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Henry Ruggs vs. Jerry Jeudy

Ruggs and Jeudy
Photo: USA Today Sports Images

Here's a data dump of some content that didn't make it into the player comments section of Football Outsiders Almanac 2020.

With the help of Nathan Forster, I went back to compare Henry Ruggs and Jerry Jeudy to other wide receiver teammate pairs in the Playmaker Score database. That means going back to 1997.

Ruggs was drafted ahead of Jeudy even though he was less productive in college. I was curious how often that had happened with teammates, that the more productive collegiate player was drafted later. (Obviously, Ruggs and Jeudy went only three picks apart... most of the other receiver pairs I'm going to mention here were picked with a much larger gap in between.)

The metrics we're using here are the metrics used in Playmaker Score. We're looking at receiving yards per team pass attempt in the player's peak year, and then receiving yards per season in the player's first five years in the NFL. Ruggs, for example, had 1.84 yards per team pass attempt in his peak year. Jeudy had 3.00 yards per team pass attempt in his peak year.

I don't think I learned anything about whether Jeudy is more likely to be a successful NFL player than Ruggs, but here's some data anyway.

The player who had a higher peak Yd/TA goes earlier in the draft 76% of the time.

When the player with the higher peak Yd/TA goes first, he ends up with a better first five years in the NFL 75% of the time.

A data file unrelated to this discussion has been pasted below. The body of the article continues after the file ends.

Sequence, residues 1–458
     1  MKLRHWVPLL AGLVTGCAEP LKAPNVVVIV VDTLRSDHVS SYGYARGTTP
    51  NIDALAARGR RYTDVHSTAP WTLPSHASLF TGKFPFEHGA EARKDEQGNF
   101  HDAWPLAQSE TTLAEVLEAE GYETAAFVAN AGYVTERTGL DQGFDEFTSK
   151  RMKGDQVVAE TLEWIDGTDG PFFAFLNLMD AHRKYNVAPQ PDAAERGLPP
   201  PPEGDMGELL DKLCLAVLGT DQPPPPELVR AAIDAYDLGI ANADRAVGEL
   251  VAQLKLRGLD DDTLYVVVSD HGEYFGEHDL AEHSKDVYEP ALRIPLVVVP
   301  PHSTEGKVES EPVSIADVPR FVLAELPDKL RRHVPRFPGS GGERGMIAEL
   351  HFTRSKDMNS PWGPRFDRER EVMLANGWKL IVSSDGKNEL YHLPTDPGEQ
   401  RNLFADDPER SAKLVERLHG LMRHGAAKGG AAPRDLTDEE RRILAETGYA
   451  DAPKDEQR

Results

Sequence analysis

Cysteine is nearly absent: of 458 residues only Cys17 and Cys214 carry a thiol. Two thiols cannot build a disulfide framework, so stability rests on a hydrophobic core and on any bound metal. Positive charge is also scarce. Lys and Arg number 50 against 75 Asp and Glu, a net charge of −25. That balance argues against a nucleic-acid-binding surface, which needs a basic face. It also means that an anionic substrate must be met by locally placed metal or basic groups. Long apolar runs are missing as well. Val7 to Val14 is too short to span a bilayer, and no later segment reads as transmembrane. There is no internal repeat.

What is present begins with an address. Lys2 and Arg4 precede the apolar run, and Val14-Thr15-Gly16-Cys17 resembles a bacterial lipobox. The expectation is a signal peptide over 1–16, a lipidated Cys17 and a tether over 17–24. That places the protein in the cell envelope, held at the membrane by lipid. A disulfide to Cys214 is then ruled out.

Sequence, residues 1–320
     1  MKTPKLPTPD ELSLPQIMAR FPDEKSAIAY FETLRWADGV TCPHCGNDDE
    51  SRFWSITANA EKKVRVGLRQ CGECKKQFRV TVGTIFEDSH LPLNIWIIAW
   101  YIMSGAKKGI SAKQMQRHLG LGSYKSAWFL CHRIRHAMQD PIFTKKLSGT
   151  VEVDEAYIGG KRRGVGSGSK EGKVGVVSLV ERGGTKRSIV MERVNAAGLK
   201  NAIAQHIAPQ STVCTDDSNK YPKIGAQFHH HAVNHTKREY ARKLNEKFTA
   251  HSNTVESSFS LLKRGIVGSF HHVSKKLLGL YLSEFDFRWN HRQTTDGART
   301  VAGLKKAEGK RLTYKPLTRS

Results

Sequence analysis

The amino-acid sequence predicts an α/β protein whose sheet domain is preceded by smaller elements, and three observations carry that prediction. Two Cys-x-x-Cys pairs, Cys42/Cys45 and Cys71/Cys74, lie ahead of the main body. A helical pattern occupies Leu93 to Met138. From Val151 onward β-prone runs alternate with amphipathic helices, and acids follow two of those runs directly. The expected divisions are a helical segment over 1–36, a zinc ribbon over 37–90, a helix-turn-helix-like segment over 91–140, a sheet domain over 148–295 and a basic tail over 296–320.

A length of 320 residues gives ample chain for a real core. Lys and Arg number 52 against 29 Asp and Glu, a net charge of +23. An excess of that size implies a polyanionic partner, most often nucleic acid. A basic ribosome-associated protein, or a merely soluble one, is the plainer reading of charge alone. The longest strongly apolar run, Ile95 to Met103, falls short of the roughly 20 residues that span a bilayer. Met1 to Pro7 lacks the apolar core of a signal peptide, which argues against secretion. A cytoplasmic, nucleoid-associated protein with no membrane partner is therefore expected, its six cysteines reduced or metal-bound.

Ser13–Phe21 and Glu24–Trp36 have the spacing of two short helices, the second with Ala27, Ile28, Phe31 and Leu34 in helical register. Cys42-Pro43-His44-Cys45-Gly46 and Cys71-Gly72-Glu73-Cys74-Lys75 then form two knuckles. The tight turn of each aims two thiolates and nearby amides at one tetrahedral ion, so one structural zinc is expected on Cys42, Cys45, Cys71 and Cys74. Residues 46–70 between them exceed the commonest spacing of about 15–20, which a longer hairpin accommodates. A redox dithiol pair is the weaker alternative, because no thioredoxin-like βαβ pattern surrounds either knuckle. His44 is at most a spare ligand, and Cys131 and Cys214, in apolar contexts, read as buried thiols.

When the player with the lower peak Yd/TA goes first, which is the case with Henry Ruggs III, he ends up with a better first five years in the NFL 63% of the time.

Jeudy and Ruggs are the fifth pair of WR teammates to go in the first round since 1997. The first pair also had the player with the lower Yd/TA go first, when Ike Hilliard of Florida (2.21) went seventh overall while Reidel Anthony (3.14) went 16th overall in 1997. Hilliard, drafted first, also ended up with the better NFL career. The other pairs of first-round wide receivers were:

  • 2001 Miami: Santana Moss (pick 16, 2.32 Yd/TA) and Reggie Wayne (pick 30, 2.22 Yd/TA)
  • 2007 LSU: Dwayne Bowe (pick 23, 2.69 Yd/TA) and Craig Davis (pick 30, 2.27 Yd/TA)
  • 2007 Ohio State: Ted Ginn (pick 9, 2.66 Yd/TA) and Anthony Gonzalez (pick 32, 2.16 Yd/TA)

Here's a look at the seven times that the receiver with a higher peak Yd/TA went later in the draft but had the more productive NFL career, which would be the situation if Jeudy outperforms Ruggs in the NFL:

  • 1998 Wisconsin: Donald Hayes (CAR, pick 4.106) over Tony Simmons (NE, 2.52)
  • 2000 Florida: Darrell Jackson (SEA, 3.80) over Travis Taylor (BAL, 1.10)
  • 2000 Texas A&M: Dante Hall (KC, 5.153) over Chris Cole (DEN, 3.70)
  • 2001 Ohio State: Ken-Yon Rambo (OAK, 7.229) over Reggie Germany (BUF, 7.214)
  • 2009 Penn State: Deon Butler (SEA, 3.91) over Derrick Williams (DET, 3.82)
  • 2010 Kansas: Dezmon Briscoe (CIN, 6.191) over Kerry Meier (ATL, 5.165)
  • 2017 Louisiana Tech: Trent Taylor (SF, 5.177) over Carlos Henderson (DEN, 3.82)

Finally, a weird one from recent years. In 2018, three different receivers were drafted out of Georgia. They were drafted in opposite order of their peak yards per team attempt: Mecole Hardman (KC, 2.56) and then Riley Ridley (CHI, 4.126), and finally Terry Godwin (CAR, 7.237). So far, draft order is clearly winning out over college production in determining the best NFL receiver out of this group.

Comments

8 comments, Last at 12 Aug 2020, 7:03am

1 So far, draft order is…